The demo shows a robotic creature whose abilities are, if not quite at the level of those demonstrated by the coyote that inspired Coy-B, fluid and fast enough for a very engaging real-time interaction with a human. Loaded with a suitable set of teeth and a wild AI program of course.
When will it be available at the robot shop around the corner?
Good old Combover Jo the purple hairy robot with an unfortunate hairstyle is roaming until September 24th in Humber Street Gallery Hull as part of States of Play, an exhibition organised by the Craft Council of England.
“States of Play is a new Crafts Council exhibition for Hull City of Culture 2017 which shows how play shapes our lives and the world around us.
Work by sixteen UK and international makers and designers turn upside down the idea that play is the preserve of children. Instead it is revealed as a creative, social and political force that infuses all areas of life.”
For the occasion Combover Jo has been updated to version 2.0, losing its hands but gaining an eye, and a much improved dream state. Confirming its crowd-pleaser status, the trickster robot moved among and played with a busy crowd on the opening night amongst incredulous gasps and loud laughs. The show runs until September 24th.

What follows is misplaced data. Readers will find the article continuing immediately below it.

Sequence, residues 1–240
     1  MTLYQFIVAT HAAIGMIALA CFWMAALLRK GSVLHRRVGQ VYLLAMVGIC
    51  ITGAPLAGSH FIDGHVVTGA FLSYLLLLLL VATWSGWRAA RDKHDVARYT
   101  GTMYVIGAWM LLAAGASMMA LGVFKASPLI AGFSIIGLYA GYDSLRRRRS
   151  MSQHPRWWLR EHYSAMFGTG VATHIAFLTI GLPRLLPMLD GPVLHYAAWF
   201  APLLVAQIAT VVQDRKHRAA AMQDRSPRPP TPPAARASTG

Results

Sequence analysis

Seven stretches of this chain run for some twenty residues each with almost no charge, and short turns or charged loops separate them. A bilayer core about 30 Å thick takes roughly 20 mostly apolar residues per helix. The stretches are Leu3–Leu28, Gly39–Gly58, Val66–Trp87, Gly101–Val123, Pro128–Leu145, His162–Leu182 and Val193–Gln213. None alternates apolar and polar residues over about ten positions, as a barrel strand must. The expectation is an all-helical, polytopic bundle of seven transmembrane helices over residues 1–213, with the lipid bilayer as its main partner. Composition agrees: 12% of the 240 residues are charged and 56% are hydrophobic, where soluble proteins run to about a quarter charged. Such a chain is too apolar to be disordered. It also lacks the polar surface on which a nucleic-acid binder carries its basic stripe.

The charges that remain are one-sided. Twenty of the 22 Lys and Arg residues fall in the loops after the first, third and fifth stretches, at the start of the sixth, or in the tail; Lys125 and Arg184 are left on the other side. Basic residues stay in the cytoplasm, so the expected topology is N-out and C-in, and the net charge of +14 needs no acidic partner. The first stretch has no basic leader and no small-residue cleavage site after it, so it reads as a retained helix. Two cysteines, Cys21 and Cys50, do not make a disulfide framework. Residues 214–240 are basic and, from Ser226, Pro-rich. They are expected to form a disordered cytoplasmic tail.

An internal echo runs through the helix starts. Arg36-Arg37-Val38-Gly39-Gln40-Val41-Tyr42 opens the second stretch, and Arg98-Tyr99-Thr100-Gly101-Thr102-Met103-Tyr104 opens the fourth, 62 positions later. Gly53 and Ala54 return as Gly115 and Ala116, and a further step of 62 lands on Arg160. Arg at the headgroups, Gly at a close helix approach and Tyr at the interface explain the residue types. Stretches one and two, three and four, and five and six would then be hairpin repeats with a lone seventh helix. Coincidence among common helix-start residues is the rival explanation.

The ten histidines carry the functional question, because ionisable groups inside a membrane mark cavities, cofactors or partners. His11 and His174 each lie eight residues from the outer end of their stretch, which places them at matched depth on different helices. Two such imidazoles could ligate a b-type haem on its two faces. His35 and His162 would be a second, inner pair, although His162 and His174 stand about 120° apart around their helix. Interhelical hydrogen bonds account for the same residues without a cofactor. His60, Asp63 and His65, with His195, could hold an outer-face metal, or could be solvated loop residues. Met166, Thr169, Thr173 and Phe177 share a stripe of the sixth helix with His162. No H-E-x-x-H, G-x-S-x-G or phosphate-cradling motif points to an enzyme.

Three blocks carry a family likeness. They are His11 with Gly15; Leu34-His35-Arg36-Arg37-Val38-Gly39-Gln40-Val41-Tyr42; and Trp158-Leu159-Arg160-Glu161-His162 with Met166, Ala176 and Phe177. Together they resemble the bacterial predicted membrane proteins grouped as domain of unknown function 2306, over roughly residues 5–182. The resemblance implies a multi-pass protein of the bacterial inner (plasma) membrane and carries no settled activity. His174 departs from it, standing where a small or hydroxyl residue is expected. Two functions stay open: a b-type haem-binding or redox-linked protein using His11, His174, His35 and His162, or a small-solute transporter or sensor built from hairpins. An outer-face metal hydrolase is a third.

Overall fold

Things I liked in States of Play include twisted 3D printer works Thingiverse gone GMO nightmare by Matthew Plummer Hernandez, rejection letter automated crows by Ting Tong Chang, blow-activated wind device by MischerTraxler Studio, the optical non-things by Glithero and the silver pineapples on the gallery’s front by Silo Studio. Check it out, Hull as City of Culture 2017 has lots going on!
Combover Jo is the moving part of the installation Am I Robot, originally commissioned for The Imitation Game exhibition in Manchester Art Gallery. The exhibition was inspired by Alan Turing’s seminal paper Computing Machinery and Intelligence.
The project was part of the Lead Creative Schools run by the Arts Council. Aimed at promoting a creative approach to teaching and life, the scheme allows a class to work with a creative practitioner for approximately 10 teaching days on a made to measure project. Check the scheme out, you can apply to take part in the next round if you are a school, teacher, or creative practitioner based in Wales.
Good vibes all along, ace dodgy robots, enthusiatic young makers, this was a fine adventure! Thanks to all involved.